When the nobleman’s servants met him with the news that his son’s fever had left him “yesterday at the seventh hour . . . So the father knew that it was at the same hour, in the which Jesus said unto him, Thy son liveth: and himself believed, and his whole house” (John 4:52-53).
How did Jesus do this? The Creator has authority over disease; distance is irrelevant. “By the word of the LORD were the heavens made; and all the host of them by the breath of his mouth. . . . . For he spake, and it was done; he commanded, and it stood fast” (Psalm 33:6, 9). HMM III
But even after that we had suffered before, and were shamefully entreated, as ye know, at Philippi, we were bold in our God to speak unto you the gospel of God with much contention.
—1 Thessalonians 2:2
It is good for us to remember how strong [God] is—and how weak we are. I settled this issue a long time ago. I tell you I have talked to God more than I have talked to anyone else. I have reasoned more with God and had longer conferences with God than with anybody else.
And what did I tell Him? Among other things, I told Him, “Now, Lord, if I do the things I know I should do, and if I say what I know in my heart I should say, I will be in trouble with people and with groups—there is no other way!
“Not only will I be in trouble for taking my stand in faith and honesty, but I will certainly be in a situation where I will be seriously tempted of the devil!”
Then, after praying more and talking to the Lord, I have said, “Almighty Lord, I accept this with my eyes open! I know the facts and I know what may happen, but I accept it. I will not run. I will not hide. I will not crawl under a rug. I will dare to stand up and fight because I am on your side—and I know that when I am weak, then I am strong!” ITB146
Lord, I’m convicted by Tozer’s statement that he has “talked to God more than [he has] talked to anyone else.” Help me to talk with You more. Amen.
The Lord is my light and my salvation; whom shall I fear? The Lord is the strength of my life; of whom shall I be afraid?—Psalm 27:1.
God is my strong salvation,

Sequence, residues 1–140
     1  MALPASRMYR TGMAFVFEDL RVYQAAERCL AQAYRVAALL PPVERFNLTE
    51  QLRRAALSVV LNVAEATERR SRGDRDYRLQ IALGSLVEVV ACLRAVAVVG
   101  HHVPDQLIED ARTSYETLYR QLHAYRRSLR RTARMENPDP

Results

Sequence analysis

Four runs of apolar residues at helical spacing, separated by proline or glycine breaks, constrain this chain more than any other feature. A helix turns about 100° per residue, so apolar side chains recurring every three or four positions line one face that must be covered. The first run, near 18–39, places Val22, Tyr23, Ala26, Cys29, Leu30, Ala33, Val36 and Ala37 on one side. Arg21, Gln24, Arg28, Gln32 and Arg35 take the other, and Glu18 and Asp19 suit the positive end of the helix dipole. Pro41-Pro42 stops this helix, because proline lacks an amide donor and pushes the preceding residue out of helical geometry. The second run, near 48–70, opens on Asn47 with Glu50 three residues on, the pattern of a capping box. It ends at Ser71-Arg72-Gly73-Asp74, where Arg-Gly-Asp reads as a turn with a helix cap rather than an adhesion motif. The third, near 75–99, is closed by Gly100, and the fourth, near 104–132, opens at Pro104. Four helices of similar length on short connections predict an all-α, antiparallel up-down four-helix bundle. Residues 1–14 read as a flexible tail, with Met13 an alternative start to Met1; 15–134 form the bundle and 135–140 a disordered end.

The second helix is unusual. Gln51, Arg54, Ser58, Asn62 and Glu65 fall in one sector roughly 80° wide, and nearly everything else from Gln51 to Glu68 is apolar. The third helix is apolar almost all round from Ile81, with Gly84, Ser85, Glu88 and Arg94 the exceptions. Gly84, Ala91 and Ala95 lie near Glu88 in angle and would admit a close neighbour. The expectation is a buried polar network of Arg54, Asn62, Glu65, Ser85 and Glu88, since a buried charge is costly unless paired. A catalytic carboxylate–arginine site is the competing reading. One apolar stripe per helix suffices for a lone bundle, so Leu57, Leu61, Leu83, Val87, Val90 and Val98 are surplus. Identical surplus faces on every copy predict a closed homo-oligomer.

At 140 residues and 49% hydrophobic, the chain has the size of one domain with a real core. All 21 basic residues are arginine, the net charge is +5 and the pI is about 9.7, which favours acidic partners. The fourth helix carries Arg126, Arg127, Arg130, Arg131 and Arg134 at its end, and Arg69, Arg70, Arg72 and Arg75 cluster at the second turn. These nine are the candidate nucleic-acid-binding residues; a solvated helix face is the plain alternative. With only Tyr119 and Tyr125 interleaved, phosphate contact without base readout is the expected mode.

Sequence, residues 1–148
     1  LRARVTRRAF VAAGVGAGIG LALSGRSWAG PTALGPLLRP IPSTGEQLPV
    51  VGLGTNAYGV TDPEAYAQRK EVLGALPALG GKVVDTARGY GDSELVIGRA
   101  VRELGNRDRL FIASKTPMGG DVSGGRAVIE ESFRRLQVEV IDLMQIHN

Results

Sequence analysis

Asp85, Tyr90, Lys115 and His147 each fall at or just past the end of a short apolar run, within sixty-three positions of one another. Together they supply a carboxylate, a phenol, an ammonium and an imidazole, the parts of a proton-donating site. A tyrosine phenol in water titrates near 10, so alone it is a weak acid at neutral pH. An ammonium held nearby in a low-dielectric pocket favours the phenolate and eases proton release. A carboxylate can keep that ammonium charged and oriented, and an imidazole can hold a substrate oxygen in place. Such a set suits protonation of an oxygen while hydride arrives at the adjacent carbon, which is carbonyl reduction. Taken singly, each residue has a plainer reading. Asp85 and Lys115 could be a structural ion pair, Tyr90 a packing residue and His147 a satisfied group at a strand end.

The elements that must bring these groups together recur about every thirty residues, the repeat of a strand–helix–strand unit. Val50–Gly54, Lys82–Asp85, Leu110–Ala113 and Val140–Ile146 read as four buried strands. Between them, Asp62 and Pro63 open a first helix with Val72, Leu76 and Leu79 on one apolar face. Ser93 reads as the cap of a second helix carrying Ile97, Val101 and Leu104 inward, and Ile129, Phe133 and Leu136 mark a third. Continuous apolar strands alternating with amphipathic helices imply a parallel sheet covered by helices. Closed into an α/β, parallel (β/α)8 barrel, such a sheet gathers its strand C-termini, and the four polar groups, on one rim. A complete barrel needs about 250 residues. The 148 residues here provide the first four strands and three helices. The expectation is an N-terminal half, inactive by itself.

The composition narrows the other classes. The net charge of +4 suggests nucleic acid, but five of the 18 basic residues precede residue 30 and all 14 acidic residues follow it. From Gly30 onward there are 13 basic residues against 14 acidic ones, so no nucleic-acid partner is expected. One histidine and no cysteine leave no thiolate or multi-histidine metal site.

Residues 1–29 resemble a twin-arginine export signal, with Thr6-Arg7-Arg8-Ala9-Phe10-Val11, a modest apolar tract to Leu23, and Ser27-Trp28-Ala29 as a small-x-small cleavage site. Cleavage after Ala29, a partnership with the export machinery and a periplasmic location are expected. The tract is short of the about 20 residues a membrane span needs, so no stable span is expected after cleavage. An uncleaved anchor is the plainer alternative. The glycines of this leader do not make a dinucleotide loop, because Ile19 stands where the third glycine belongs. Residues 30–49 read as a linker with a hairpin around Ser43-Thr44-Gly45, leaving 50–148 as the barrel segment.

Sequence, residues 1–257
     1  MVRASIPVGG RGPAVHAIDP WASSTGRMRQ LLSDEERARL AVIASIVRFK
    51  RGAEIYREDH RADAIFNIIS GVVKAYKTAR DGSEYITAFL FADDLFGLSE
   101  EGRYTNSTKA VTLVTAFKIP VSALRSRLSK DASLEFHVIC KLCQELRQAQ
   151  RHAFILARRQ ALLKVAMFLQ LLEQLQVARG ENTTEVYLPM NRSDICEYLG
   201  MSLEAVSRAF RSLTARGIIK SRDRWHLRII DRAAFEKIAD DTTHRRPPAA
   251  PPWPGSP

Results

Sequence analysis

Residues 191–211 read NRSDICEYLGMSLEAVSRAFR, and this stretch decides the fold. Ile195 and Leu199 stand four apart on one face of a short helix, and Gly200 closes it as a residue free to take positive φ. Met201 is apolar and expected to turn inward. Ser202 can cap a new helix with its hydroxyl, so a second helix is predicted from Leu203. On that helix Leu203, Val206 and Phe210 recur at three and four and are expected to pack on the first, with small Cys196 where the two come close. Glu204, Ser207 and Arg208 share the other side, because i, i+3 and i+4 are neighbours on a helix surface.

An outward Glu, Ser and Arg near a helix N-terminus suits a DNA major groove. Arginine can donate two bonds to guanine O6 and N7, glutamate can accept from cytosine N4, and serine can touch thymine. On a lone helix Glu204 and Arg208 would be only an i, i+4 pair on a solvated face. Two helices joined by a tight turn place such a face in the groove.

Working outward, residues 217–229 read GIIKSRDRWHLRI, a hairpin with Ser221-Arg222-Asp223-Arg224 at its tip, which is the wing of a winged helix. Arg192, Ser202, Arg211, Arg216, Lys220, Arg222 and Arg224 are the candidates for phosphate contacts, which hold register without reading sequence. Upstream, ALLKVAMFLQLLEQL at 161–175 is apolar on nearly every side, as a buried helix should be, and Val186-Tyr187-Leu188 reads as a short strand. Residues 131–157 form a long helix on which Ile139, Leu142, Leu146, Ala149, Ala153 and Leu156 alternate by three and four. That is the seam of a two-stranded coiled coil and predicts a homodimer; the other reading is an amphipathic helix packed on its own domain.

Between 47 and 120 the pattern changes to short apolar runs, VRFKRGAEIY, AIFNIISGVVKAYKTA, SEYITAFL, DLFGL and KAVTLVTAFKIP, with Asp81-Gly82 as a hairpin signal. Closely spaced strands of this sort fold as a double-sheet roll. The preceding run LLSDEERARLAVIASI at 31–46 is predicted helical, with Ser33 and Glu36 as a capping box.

What foe have I to fear?
In darkness and temptation,
My light, my help, is near.
Though hosts encamp around me,
Firm to the fight I stand,
What terror can confound me
With God at my right hand?
All the spiritual enemies, all the enemies of a man’s own house, are to be destroyed by the power of the Lord Jesus Christ, working by His grace in the heart. And when salvation is brought home to the heart, and wrought out there by the Lord, it is to be enjoyed and abode in, and the soul is not to return back again into captivity; but, being delivered out of the hands of its inward and spiritual enemies, is to serve God in the dominion of His Son’s life, in holiness and righteousness all its days here upon the earth.
Who does not know what it is to rise up from a fault—perceived, confessed, and forgiven—with an almost joyous sense of new energy, strength, and will to persevere?
H.L. Sidney Lear.
“And seek the peace of the city whither I have caused you to be carried away captives, and pray unto the Lord for it: for in the peace thereof shall ye have peace” Jer. 29:7
The principle involved in this text would suggest to all of us who are the Lord’s strangers and foreigners that we should be desirous to promote the peace and prosperity of the people among whom we dwell. Specially should our nation and our city be blest by our constant intercession. An earnest prayer for your country and other countries is well becoming in the mouth of every believer.
Eagerly let us pray for the great boon of peace, both at home and abroad. If strife should cause bloodshed in our streets, or if foreign battle should slay our brave soldiers, we should all bewail the calamity; let us therefore pray for peace, and diligently promote those principles by which the classes at home and the races abroad may be bound together in bonds of amity.
We ourselves are promised quiet in connection with the peace of the nation, and this most desirable; for thus we can bring up our families in the fear of the Lord, and also preach the gospel without let or hindrance. Today let us be much in prayer for our country, confessing national sins, and asking for national pardon and blessing, for Jesus’ sake.